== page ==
Most helpful critical review
11 of 11 people found the following review helpful
a primer at best
on April 24, 2013
Kinzer has compiled an easy to read summary of some of the worst interventions initiated by US administrations in the politics of nations to be considered at odds with or in opposition to US domestic-foreign policy. And it is certainly only a selective summary, considering that since 1945 US administrations have overthrown at least 50 democratically elected governments. But what Kinzer has offered amounts to a worthy introduction to his subject, a primer for those who want a succinct account of a brief selection of US-led invasions of foreign nations; but to remain satisfied with Kinzer's book would be to ignore, and thus remain ignorant of a more fuller and detailed history, one that needs to be attained from various other sources.
I say US-led invasions because the US has not always been alone in its endeavours to overthrow many of the `governments' that it did dispose of, and whilst the US was the dominant player it has often sought to justify and add credibility to its aggressive foreign policy by enlisting the aid of other countries. What has yet to emerge is what influences it imposed on these countries to ignore the public/democratic opinion and embark alongside the US on its' crusades.
The even limited involvement of other, smaller nations has consistently been applied to add credibility and a veneer of international support to aggressive US-led expeditions into foreign territories. Think Vietnam, Iraq I/ Iraq sanctions/Iraq II for starters.
Successive Australian [ie my] governments have willingly, unquestioningly, and like docile lap-dogs offered the services of Australian youth to support US foreign policy. Australian youth were conscripted into the armed forces for duty in Vietnam by obedient and successive conservative Prime Ministers (Robert Menzies, Harold Holt & John Gorton, 1949-1972), and it wasn't until a Labor Prime Minister (PM), Gough Whitlam, 1972-75, that Australia ended its involvement in Vietnam. When Australia withdrew from Vietnam, Frank Shepp, at the time a CIA employee based in Saigon summed up US policy towards Australia when he remarked that `Australians might as well be regarded as North Vietnamese collaborators'. Regretfully it was another Labor PM, Bob Hawke, who promptly sidled up to and provided George Bush with Australian personnel when Bush instigated the first US-led invasion of Iraq. And even though Australian involvement in Iraq II was instigated under a conservative PM, the opposition ALP leader, Simon Crean, was certainly reticent to totally support a peaceful solution.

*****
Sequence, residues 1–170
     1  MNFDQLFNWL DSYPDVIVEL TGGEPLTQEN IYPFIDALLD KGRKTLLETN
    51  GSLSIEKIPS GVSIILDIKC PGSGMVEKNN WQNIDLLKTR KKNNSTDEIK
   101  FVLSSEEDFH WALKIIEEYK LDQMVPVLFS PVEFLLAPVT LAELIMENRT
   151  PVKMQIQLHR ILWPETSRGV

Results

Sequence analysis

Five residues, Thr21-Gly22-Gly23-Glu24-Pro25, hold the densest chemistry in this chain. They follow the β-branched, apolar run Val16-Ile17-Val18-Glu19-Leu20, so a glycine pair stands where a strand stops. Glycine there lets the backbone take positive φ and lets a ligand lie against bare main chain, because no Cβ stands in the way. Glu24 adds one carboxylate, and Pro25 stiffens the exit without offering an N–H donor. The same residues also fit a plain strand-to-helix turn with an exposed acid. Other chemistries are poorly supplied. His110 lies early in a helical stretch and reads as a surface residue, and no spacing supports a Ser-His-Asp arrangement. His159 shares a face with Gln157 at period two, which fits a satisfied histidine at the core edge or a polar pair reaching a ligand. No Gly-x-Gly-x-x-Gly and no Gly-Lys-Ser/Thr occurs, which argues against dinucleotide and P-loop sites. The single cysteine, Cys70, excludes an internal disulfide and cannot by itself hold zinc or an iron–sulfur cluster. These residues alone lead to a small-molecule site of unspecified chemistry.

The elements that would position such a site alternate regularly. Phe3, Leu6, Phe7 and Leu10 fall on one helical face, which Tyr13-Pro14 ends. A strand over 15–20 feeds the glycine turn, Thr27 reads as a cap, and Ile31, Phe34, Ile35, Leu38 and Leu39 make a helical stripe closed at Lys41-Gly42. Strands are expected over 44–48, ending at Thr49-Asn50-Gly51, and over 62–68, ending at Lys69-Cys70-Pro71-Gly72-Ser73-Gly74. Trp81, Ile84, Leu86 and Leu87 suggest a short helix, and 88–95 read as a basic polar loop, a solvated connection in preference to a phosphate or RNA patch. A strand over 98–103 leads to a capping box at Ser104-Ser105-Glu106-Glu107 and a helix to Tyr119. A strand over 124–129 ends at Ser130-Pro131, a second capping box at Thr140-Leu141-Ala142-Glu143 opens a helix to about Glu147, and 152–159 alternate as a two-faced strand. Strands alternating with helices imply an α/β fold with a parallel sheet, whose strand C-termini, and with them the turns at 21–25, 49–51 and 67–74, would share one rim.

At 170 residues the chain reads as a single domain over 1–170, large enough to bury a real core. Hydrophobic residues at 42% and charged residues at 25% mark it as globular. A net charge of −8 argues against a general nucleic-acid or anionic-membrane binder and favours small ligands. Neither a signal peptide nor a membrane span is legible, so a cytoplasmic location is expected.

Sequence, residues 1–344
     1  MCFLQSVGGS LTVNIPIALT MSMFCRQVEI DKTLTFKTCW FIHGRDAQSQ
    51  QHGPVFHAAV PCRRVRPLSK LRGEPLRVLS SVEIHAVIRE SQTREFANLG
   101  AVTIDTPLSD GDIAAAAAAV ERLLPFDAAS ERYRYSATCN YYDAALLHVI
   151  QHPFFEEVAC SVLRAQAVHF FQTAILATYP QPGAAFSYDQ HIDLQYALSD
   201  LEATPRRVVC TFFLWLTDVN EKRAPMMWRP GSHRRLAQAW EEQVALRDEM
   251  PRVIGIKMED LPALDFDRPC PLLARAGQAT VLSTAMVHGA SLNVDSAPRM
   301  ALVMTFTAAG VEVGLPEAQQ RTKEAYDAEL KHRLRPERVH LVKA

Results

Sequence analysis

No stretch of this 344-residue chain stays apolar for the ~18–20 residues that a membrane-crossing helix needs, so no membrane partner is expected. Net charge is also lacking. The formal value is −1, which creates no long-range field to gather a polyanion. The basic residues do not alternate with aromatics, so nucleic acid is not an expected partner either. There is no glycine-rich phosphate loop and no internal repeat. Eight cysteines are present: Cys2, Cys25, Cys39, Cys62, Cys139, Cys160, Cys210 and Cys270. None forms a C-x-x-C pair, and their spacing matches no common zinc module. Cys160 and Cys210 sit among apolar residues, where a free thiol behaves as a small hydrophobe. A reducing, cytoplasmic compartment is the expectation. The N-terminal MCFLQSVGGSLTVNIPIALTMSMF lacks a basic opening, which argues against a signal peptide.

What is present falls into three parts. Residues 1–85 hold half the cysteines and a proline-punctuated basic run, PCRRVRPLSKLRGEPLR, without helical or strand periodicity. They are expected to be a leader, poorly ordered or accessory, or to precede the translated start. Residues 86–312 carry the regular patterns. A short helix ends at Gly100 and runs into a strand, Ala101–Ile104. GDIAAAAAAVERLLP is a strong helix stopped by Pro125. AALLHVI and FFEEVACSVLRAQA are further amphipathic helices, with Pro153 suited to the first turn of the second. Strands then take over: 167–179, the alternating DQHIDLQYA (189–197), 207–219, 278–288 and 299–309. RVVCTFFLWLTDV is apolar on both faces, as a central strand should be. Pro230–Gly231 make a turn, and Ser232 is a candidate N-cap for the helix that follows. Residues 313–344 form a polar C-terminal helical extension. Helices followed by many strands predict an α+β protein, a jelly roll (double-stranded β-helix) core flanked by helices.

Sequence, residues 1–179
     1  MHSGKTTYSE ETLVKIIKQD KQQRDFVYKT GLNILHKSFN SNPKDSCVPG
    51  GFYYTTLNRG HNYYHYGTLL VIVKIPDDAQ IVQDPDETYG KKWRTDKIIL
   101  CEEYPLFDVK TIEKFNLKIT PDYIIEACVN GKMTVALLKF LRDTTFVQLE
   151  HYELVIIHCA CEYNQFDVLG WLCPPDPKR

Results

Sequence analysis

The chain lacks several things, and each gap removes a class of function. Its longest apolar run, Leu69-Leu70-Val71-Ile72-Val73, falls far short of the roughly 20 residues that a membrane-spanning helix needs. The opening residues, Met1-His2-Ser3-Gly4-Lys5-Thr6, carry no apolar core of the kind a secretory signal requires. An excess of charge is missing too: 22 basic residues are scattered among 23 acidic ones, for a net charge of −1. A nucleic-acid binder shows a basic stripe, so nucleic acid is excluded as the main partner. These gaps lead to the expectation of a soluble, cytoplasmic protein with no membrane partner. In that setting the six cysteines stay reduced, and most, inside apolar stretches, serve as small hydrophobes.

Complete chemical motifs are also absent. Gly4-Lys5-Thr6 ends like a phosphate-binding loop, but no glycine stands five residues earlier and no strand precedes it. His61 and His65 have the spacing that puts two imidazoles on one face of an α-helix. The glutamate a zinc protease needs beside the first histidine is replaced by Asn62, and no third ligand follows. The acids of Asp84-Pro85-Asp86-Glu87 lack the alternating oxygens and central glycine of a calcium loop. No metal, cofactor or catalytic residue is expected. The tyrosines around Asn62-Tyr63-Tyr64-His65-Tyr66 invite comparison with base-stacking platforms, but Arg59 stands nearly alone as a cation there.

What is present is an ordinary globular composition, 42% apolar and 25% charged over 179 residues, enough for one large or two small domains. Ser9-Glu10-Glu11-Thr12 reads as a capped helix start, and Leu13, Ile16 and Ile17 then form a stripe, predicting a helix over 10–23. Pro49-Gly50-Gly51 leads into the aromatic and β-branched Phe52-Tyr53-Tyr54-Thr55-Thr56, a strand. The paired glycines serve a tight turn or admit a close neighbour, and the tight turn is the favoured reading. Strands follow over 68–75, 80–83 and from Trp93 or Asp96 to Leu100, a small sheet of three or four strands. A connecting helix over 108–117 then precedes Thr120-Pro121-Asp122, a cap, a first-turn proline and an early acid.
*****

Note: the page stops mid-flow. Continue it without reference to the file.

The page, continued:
In 1973 The Chilean government, aware that US intelligence and corporate operatives were deliberately and actively undermining Allende, expelled known US `spies' from Chile. The void was willingly assumed by Australian intelligence operating out of its embassy. An act which occurred during Whitlam government, but without his knowledge and certainly lacking his imprimatur for his was a supporter of the democratic process in Chile. Yet the same PM, on the advice of his ambassador in Jakarta and White House staff turned a blind eye when Indonesia invaded East Timor in December 1975, an invasion sanctioned by US President Ford & Kissinger.